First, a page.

CBI: Rising living costs are threat to economic recovery | City & Business | Finance

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It has cut its forecast for GDP expansion from 8.2 to 6.9 per cent this year and from 6.1 to 5.1 per cent in 2022.

Bosses believe supply chain issues will take another six months to fix.

But their bigger concerns are the soaring cost of living, doggedly poor productivity and an underperforming export market.

CBI director general Tony Danker, said: “The challenge for January 1 is now very clear.

“Significant headwinds and rising costs of living threaten the extent of recovery and prospects for economic success.

“These hurdles for firms will provide a major test for Government – can they foster sustainable UK investment and growth?

“The UK’s New Year resolution must be to give firms the confidence to go for growth.

“We should be raising our sights on the economy’s potential and seizing the moment. I know from speaking with firms of all sizes that they have an ambitious investment mindset, and are anxious to implement growth plans.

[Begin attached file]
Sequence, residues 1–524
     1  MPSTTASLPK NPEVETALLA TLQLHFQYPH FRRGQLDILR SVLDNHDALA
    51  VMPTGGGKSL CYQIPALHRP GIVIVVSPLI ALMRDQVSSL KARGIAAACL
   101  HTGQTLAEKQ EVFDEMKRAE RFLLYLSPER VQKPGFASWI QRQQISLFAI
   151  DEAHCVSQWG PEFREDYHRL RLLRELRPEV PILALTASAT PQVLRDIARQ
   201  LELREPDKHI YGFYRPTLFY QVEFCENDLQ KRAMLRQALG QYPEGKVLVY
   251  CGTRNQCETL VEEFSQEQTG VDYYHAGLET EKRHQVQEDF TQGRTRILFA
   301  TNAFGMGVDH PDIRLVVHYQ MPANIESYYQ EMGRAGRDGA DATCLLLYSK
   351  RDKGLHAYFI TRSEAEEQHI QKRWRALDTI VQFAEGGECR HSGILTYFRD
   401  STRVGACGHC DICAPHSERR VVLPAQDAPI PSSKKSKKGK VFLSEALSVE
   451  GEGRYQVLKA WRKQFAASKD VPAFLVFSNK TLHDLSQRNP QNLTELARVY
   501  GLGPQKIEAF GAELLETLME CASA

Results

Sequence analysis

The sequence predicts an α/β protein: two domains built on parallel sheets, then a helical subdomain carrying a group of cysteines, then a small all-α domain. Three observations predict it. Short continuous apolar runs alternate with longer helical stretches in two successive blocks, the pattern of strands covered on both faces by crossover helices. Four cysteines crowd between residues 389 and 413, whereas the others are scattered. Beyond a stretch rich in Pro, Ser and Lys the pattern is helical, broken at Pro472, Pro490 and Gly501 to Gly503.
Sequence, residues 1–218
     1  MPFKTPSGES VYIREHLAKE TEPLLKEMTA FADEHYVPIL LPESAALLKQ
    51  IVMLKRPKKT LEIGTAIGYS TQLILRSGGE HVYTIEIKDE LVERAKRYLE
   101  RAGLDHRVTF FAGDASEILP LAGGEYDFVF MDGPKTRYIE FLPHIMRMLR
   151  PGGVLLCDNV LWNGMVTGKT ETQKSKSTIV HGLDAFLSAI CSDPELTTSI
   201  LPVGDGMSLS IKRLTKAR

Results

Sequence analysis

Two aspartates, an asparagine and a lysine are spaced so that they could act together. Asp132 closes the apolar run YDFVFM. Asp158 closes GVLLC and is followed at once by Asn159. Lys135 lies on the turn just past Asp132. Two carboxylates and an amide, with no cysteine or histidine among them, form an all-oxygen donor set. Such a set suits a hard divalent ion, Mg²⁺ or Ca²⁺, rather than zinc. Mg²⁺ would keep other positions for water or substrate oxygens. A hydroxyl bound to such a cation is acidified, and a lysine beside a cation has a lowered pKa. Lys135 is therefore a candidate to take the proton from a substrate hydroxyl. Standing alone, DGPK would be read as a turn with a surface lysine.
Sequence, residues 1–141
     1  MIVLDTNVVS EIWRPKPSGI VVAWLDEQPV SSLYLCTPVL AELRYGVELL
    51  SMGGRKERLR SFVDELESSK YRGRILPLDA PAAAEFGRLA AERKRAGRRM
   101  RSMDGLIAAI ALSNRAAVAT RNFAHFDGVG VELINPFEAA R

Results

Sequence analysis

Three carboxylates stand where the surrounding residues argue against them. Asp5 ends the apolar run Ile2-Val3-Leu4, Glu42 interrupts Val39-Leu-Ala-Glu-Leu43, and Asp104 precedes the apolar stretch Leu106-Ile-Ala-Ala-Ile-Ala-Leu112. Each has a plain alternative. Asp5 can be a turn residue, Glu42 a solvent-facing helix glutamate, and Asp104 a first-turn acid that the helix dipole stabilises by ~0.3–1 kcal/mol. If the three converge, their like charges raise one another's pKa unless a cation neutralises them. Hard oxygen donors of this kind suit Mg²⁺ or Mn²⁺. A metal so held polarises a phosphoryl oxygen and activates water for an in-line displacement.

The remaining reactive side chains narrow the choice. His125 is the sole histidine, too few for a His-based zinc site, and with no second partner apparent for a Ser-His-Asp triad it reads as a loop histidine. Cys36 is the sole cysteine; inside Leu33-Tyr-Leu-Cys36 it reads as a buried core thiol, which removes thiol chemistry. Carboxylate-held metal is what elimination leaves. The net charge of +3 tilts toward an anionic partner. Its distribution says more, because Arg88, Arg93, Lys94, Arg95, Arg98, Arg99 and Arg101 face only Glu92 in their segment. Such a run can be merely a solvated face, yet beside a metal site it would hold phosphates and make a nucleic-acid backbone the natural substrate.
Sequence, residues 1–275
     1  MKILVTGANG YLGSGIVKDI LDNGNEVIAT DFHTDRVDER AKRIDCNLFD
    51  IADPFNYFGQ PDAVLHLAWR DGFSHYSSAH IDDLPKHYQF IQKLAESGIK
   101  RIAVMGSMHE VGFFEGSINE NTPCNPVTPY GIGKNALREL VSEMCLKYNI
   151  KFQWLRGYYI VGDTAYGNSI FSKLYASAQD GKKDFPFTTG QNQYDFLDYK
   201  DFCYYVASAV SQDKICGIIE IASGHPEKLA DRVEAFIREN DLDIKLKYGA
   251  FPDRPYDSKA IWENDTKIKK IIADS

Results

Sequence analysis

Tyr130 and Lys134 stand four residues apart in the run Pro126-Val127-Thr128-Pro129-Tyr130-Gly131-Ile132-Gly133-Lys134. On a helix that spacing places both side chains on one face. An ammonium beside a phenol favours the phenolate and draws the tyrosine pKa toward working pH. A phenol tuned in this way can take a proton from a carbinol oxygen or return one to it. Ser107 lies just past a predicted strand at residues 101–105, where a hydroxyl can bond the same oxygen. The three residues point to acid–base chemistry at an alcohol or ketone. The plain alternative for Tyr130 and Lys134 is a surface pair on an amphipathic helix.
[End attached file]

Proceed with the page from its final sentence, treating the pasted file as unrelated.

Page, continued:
“But while intentions have thawed, we’re coming up to a cliff edge.”

CBI chief economist Rain Newton-Smith added: “We expect a pretty firm economic recovery ahead, though understandably the emergence of Omicron poses another downside risk.

“Increasing exports is a vital component of sustainable growth. Exporting companies are more productive, resilient and help create internationally competitive UK regions.

“UK exports are being outpaced by our global peers which will negatively impact our economy in the long term. We must continue to address market access barriers globally while supporting all businesses to seek growth internationally.”

Meanwhile. manufacturers are being held back by a lack of access to funds, skilled workers and the exporting market, research suggests.

Make UK found two out of five smaller firms had the potential to expand but half believed problems recruiting the right employees was now the top barrier to growth. More than a quarter of 180 manufacturers told the umbrella group that access to overseas markets would allow them to expand.

Make UK chief Stephen Phipson said: “Improved trade access across borders is essential to further push forward growth – but this relies on good relationships between the UK and other countries.”





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